Alonso J.C. 2003. Spatial and temporal pattern of the population structure and current state of fishing exploitation of the dourada Brachyplatystoma flavicans, Lichtenstein, 1819 along the system estuary-Amazonas-Solimões. Abstract submitted to the Second International Symposium on the Management of Large Rivers for Fisheries. Phnom Penh, Mekong River Commission.

Arjjumend H. 2003. Displaced tribes set a model of participatory management of riverine fisheries: exploring the emergence of sustainable living aquatic resource management in Tawa river of Narmada valley, India. Abstract submitted to the Second International Symposium on the Management of Large Rivers for Fisheries. Phnom Penh, Mekong River Commission.

Arrington A.A. & Winemiller K.O. 2003. Organization and maintenance of fish diversity in shallow waters of tropical floodplain rivers. In R.L. Welcomme & T. Petr, eds. Proceedings of the Second International Symposium on the Management of Large Rivers for Fisheries Volume 2. Food and Agriculture Organization & Mekong River Commission. FAO Regional Office for Asia and the Pacific, Bangkok. RAP Publication 2004/17. pp. 25-36.

Arthington A.H., Tharme R.E., Brizga S.O., Pusey B.J. and Kennard M.J. 2003. Environmental flow assessment with emphasis on holistic methodologies. In R.L. Welcomme & T. Petr, eds. Proceedings of the Second International Symposium on the Management of Large Rivers for Fisheries Volume 2. Food and Agriculture Organization & Mekong River Commission. FAO Regional Office for Asia and the Pacific, Bangkok. RAP Publication 2004/17. pp. 37-66.

Baird I.G. & Flaherty M.S. 2003. Beyond national borders: Links between an important Mekong River medium sized migratory carp fishery below the Khone Falls in southern Laos and bag net fisheries at stream mouths in northeast Cambodia. Abstract submitted to the Second International Symposium on the Management of Large Rivers for Fisheries. Phnom Penh, Mekong River Commission.

Baran E., Makin I. and Baird I.G. 2003. Bayfish: A model of environmental factors driving fish production in the lower Mekong Basin. Abstract submitted to Second International Symposium on the Management of Large Rivers for Fisheries. Phnom Penh, Cambodia, Mekong River Commission.

Batista V.S. 2003. Spatial and temporal distribution of the fishery resources exploited by the Manaus fishing fleet. Abstract submitted to the Second International Symposium on the Management of Large Rivers for Fisheries. Phnom Penh, Mekong River Commission.

Beasley I. 2003. Abundance, distribution and conservation statues of the Irrawaddy Dolphin the inhabits of the Mekong River. Abstract submitted to the Second International Symposium on the Management of Large Rivers for Fisheries. Phnom Penh, Mekong River Commission.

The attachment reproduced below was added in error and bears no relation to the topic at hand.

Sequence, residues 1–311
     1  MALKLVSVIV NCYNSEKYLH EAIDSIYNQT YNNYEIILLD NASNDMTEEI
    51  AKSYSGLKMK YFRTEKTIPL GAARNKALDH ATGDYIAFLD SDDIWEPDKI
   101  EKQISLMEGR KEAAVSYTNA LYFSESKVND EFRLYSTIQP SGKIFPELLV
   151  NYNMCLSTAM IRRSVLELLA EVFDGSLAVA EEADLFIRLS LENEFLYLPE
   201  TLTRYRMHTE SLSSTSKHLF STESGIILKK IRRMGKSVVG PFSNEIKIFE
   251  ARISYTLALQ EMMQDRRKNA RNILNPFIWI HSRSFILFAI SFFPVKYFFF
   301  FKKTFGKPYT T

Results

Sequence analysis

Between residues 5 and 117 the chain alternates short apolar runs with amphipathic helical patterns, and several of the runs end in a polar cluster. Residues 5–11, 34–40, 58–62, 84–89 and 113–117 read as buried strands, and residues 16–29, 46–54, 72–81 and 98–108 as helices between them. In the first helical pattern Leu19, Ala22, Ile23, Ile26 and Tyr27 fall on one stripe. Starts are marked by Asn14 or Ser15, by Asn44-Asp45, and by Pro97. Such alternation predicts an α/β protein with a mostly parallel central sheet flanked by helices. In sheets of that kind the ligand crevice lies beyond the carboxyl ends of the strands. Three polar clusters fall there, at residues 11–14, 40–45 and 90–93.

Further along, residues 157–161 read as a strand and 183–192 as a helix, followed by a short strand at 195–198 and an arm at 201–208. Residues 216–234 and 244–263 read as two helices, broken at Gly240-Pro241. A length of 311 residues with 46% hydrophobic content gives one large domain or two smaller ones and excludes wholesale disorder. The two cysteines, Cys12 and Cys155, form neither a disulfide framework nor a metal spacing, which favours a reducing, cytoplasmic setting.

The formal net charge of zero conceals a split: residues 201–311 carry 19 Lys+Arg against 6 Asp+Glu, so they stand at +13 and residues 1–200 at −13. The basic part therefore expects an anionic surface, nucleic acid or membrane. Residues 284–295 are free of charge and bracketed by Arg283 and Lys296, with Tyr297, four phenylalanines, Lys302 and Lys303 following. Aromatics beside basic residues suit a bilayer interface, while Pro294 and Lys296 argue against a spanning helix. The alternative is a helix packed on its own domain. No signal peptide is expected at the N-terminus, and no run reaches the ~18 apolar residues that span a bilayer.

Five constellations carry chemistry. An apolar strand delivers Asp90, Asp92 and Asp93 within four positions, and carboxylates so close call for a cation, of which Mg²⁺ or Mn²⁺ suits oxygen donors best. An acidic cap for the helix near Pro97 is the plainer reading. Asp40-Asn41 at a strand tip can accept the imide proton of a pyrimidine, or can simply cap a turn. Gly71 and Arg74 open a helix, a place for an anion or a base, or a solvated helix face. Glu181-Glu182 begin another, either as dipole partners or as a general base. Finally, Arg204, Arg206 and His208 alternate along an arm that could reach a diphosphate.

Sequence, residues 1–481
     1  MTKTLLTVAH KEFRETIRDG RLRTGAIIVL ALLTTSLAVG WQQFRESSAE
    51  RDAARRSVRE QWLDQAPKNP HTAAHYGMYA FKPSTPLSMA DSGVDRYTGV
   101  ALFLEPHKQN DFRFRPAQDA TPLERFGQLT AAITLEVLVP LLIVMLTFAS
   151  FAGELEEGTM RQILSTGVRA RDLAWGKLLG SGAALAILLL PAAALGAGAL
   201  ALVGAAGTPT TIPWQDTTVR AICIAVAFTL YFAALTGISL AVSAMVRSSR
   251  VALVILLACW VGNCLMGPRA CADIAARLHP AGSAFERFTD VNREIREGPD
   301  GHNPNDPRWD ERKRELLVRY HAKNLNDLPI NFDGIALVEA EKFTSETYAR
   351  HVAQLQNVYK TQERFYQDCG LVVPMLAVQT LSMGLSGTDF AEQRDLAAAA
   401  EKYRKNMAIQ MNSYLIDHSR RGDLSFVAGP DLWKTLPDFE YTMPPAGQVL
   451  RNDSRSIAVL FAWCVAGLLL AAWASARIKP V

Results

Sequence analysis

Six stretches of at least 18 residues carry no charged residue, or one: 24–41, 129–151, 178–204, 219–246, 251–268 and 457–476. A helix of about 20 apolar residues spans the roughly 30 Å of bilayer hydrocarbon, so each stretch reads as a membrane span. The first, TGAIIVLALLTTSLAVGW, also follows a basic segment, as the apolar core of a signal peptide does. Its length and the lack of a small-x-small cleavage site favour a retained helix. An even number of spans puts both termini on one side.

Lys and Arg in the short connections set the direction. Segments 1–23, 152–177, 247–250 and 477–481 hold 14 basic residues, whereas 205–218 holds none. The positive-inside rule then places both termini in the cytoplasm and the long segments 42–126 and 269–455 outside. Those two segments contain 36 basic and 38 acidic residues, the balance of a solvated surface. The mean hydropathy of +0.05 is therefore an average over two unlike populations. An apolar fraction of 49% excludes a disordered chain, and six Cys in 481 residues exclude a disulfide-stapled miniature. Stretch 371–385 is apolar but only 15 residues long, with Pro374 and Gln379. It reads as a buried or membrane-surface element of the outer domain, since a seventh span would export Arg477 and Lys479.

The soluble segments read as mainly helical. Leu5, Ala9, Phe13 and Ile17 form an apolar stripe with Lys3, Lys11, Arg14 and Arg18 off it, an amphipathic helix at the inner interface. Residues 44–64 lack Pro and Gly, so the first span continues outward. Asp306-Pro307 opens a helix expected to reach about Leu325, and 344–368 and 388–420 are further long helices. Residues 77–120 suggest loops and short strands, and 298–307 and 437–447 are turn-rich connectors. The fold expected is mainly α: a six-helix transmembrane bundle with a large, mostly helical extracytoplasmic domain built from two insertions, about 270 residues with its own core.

Béné C. & Neiland A.E. 2003. Contribution of inland fisheries to rural livelihoods in Africa: An overview from the Lake Chad basin areas. In R.L. Welcomme & T. Petr, eds. Proceedings of the Second International Symposium on the Management of Large Rivers for Fisheries Volume 2. Food and Agriculture Organization of the United Nations & Mekong River Commission. FAO Regional Office for Asia and the Pacific, Bangkok. RAP Publication 2004/17. pp. 67-78.

Bocking B., Link M.R., Nelson T. & MacKay K.T. 2003. Reinventing fisheries management in large river systems: Experience from cooperative research and management in western North American rivers. Abstract submitted to the Second International Symposium on the Management of Large Rivers for Fisheries. Phnom Penh, Mekong River Commission.

Boivin T., Coates D., Werle D. & Baird J. 2003. Remote Sensing Applications for Information Generation and Monitoring of Large River Fisheries. Abstract submitted to the Second International Symposium on the Management of Large Rivers for Fisheries. Phnom Penh, Mekong River Commission.

Brenner T., Buijse A.D., Lauff M., Luquet J.F. & Staub E. 2003. The present status of the river Rhine with special emphasis on fisheries development. In R.L. Welcomme & T. Petr, eds. Proceedings of the Second International Symposium on the Management of Large Rivers for Fisheries Volume 1. Food and Agriculture Organization & Mekong River Commission. FAO Regional Office for Asia and the Pacific, Bangkok. RAP Publication 2004/17. pp. 121-148.

Bush S.R. 2003. Comparing what matters with what is done: Fisheries and aquaculture in the Lao PDR. Abstract submitted to the Second International Symposium on the Management of Large Rivers for Fisheries. Phnom Penh, Mekong River Commission.

Carney D. ed. 1998. Sustainable Rural Livelihoods: What contribution can we make? London, DFID.

Carvalho de Lima Á. & Araujo-Lima C. 2003. Spawning migrations of characiform fishes in relation to water quality in rivers of the Amazon. Abstract submitted to the Second International Symposium on the Management of Large Rivers for Fisheries. Phnom Penh, Mekong River Commission.

Catela A.C. 2003. The fishery in the south Pantanal, Brazil. Abstract submitted to the Second International Symposium on the Management of Large Rivers for Fisheries. Phnom Penh, Mekong River Commission.

Coates D. 2002. Inland capture fishery statistics for South-east Asia: Current status and information needs. RAP Publication 2002/11. 115 p. Bangkok, Thailand, Regional Office for Asia-Pacific, Food and Agriculture Organisation of the United Nations.